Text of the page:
Hilbert space satisfies the following condition: if two triangles $\triangle ABC$, $\triangle A_1B_1C_1$ have equal sides lengths: $AB=A_1B_1$, $BC=B_1C_1$, $AC=A_1C_1$ they also have equal medians lengths: $AM=A_1M_1$, where $M=(B+C)/2$, $M_1=(B_1+C_1)/2$. Are there other Banach spaces with this property? (If yes, there are 2dimensional examples, and the next question is complete classification. But I doubt.)
Firstly, notice that you may apply your condition to the triangles $ABM$ and $A_1B_1M_1$ and iterate this process. So, e.g.. for every points $X$ and $X_1$ on $BC$ and $B_1C_2$ with $BX/BC=B_1X_1/B_1C_1=k/2^n$ with integer $k,n$ we obtain $AX=A_1X_1$. Since the binary rationals are dense on $[0,1]$, the same holds for every ratio. Similarly, we may apply this to other sides and hence see that the affine transform mapping $ABC$ to $A_1B_1C_1$ is metricpreserving on the whole triangle $ABC$. THis already should suffice.
Indeed, consider an equilateral triangle $ABC$; by an affine transform we may assume that it is equilateral also in the Euclidean metric. Take a triangle $A'B'C'$ inscribed into $ABC$, with $A'$, $B'$, $C'$ dividing the sides of $ABC$ at the same ratio. Then $A'B'C'$ is also regular (in both metrics), and under the affine transform mapping $ABC$ to $A'B'C'$ the metric scales at the coefficient $\mu$ depending only on the ratio at which the vertices of $A'B'C'$ divide the sides of $ABC$.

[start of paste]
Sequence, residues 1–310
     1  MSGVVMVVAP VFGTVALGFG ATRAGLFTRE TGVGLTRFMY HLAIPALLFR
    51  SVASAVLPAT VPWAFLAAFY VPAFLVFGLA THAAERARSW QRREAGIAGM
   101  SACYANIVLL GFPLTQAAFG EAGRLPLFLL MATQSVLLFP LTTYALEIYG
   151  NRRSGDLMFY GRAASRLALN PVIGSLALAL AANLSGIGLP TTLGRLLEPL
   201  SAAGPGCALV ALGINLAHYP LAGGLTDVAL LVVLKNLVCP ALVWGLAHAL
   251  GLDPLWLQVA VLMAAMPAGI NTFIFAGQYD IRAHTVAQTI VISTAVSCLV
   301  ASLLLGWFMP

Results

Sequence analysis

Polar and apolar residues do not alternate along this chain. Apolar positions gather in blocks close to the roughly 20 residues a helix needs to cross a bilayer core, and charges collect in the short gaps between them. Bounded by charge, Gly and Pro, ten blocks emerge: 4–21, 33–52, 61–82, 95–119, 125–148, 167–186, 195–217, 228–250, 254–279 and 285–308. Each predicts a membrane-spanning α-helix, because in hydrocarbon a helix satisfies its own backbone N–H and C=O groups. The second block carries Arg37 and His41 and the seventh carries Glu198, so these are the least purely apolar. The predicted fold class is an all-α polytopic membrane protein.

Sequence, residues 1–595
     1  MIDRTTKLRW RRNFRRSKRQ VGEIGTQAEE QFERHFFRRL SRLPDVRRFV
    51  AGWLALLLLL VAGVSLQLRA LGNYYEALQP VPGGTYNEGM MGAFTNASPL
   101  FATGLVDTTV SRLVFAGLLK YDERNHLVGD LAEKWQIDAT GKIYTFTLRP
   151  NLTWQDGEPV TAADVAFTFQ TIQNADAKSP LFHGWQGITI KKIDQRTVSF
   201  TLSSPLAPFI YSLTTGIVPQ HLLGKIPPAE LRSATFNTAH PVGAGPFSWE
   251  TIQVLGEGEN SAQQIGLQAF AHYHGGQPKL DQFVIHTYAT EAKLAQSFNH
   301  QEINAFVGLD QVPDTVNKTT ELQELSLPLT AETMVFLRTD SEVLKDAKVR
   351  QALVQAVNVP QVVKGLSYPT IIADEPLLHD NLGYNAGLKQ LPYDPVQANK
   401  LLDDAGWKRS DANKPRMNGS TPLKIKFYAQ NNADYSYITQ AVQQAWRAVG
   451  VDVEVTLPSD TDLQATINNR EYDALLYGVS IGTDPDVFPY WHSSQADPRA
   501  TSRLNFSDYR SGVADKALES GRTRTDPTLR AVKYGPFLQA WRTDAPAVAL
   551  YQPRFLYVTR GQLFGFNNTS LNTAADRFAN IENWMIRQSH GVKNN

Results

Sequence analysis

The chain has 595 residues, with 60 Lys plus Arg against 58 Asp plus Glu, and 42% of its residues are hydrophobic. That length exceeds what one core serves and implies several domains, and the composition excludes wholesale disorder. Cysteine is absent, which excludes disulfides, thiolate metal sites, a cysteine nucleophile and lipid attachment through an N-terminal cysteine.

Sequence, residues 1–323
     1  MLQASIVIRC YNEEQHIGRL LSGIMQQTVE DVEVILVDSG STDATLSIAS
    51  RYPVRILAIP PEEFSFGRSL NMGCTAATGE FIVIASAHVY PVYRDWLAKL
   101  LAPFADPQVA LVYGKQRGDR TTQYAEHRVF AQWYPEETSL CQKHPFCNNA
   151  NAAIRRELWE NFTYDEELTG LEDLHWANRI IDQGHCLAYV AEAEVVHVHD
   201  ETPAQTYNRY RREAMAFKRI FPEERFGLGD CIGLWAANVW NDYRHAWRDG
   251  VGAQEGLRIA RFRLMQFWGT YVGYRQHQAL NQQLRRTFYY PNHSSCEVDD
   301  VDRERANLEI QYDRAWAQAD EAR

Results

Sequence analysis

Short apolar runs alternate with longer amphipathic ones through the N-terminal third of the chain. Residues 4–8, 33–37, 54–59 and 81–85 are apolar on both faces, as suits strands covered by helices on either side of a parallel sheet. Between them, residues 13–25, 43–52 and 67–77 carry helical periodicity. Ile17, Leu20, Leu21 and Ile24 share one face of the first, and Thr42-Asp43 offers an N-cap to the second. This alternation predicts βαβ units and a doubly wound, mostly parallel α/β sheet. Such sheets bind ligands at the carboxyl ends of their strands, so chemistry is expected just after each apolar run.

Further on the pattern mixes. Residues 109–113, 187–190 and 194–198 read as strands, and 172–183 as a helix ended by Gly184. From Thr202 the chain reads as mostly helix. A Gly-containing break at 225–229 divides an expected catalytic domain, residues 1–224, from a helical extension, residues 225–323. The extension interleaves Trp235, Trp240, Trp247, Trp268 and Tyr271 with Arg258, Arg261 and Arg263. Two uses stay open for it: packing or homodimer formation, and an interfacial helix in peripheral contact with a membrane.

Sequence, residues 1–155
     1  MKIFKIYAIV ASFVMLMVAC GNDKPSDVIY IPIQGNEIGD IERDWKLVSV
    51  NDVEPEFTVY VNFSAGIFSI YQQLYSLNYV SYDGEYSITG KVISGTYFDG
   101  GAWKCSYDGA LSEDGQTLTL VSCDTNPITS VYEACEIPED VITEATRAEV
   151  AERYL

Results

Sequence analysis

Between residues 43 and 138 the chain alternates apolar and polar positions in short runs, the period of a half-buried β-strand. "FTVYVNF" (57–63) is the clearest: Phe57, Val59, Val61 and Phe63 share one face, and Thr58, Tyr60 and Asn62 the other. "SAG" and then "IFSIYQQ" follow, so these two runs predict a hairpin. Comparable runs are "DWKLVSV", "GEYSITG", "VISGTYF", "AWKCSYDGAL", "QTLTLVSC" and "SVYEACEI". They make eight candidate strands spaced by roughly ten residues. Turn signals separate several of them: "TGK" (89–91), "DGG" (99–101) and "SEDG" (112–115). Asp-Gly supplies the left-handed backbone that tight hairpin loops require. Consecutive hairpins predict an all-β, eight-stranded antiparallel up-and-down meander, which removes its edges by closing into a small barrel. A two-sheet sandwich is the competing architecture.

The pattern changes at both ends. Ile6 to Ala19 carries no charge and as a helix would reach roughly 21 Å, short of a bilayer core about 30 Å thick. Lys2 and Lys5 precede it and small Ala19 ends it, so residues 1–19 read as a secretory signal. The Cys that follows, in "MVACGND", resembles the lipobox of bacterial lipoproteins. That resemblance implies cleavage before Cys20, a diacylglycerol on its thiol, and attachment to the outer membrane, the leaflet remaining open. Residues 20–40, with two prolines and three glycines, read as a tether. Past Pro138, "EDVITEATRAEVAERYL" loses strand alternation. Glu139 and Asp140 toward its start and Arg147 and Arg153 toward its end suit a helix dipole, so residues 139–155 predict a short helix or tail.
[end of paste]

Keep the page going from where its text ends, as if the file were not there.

If the sides of $A'B'C'$ are rotated at $\pi/n$ with respect to the sides of $ABC$ (angles are also Euclidean) then we may iterate inscribing such triangles $n$ times getting a triangle homothetic to $ABC$ with a known ratio. Since the metric on this triangle is $\mu^n$ times the initial one, we obtain that $\mu$ is the same for both metrics. Thus the ratios of segments rotated at $\pi/n$ is the same in our metric and Euclidean one. This is what we want.
For passing to an arbitrary space, see Anton Petrunin's answer...
In dimension 2, your condition implies existence of rotation by arbitrary small angle. Simply apply your condition recurcevely to a sequence of points on the unit circle $\dots,A_0,A_1,A_2,\dots$ such that the midpoint of $[A_{i1}A_{i+1}]$ lies on $[OA_i)$. The later implies that the metric is Euclidean.
Now in your space any 2dimesional subspace is Euclidean. In particular the parallelogram identity holds. The later implies that this is a Hibert space.

$\begingroup$ I am confused. What are triangles to which we apply it? $\endgroup$ – Fedor Petrov Sep 30 '15 at 13:26

$\begingroup$ @FedorPetrov $\triangle A_{i1}OA_{i+1}$. $\endgroup$ – Anton Petrunin Sep 30 '15 at 20:47

$\begingroup$ But why $A_{i1}A_{i+1}$ does not depend on $i$? $\endgroup$ – Fedor Petrov Sep 30 '15 at 21:19

$\begingroup$ @FedorPetrov, I was solving a more general problem (did not read the formulation carefully). I thought your condition holds only if $AB=AC$. This is likely the reason of your confusion. These equalities are easy to see, but it seems that you are satisfied with the other solution :) $\endgroup$ – Anton Petrunin Sep 30 '15 at 22:09